Andrew Cuomo has made it clear he wants to bring hydraulic fracturing, or hydro fracking (in which natural gas is extracted from the Marcellus Shale formation, often leaving nearby water flammable), to our state and today the New York State Department of Environmental Conservation went and released a revised draft report on the prospect. Which means we've all now got a 90-day public comment period (30 days more than usual) before this thing moves forward, so be prepared to hear a frack load more about fracking in the next three months!

As far as the DEC is concerned fracking, which is nonexplosive, is a safe and healthy way to get natural gas out of the ground. The DEC's report estimates that fracking could bring nearly 25,000 jobs and $1,7 billion in earnings to the state (not to mention another 29,174 full time jobs and $809.2 million in wages in industries that support gas drilling), which in an economy like ours (with gas prices as high as they are) is hard to scoff at. In fact, the good news in for some upstate communities could be so good that the State is considering "construction windows" to make sure that no neighborhoods are too quickly by the influx of fracking. But at the same time, it doesn't deal with a whole lot of other issues.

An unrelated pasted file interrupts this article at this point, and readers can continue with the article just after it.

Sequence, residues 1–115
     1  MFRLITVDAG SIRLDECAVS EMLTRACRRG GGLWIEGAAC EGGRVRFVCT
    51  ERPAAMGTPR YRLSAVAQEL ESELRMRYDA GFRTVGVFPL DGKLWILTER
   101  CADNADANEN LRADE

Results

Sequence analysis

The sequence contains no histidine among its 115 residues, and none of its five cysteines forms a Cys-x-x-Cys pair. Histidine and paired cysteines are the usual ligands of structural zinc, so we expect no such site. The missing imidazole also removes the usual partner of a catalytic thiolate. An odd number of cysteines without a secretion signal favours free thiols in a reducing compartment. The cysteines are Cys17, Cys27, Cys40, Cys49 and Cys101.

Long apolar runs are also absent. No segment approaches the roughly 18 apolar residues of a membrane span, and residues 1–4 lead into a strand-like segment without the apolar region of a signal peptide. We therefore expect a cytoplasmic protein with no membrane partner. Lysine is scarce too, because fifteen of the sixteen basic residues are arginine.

Sure, the report gets into lots of details about fracking regulations (here's a PDF of the relavent bits) but, as the National Resources Defense Council notes, it also doesn't even try touching some hot issues, including the effect of fracking in floodplains and the very limited protection the draft offers for the New York City and Syracuse watersheds. In the NRDC's words, "the draft study provides very limited protection, if any, to the critical aqueducts and tunnels that carry water from our reservoirs. From a public health and emergency preparedness standpoint, allowing risky drilling activities to occur near aging and vulnerable water supply infrastructure is an unreasonable risk."

This is a big report with lots to process, so it is going to take a while for people to comb through it and see what tricks the gas industry (which is very eager to get fracking in the Empire State) has gotten in there. At least for the appearance of democracy, before anything becomes official the DEC will be holding a number of public hearings on the subject in November, including one in New York City. The dates and locations of those will be released in early October, a rep for the DEC says.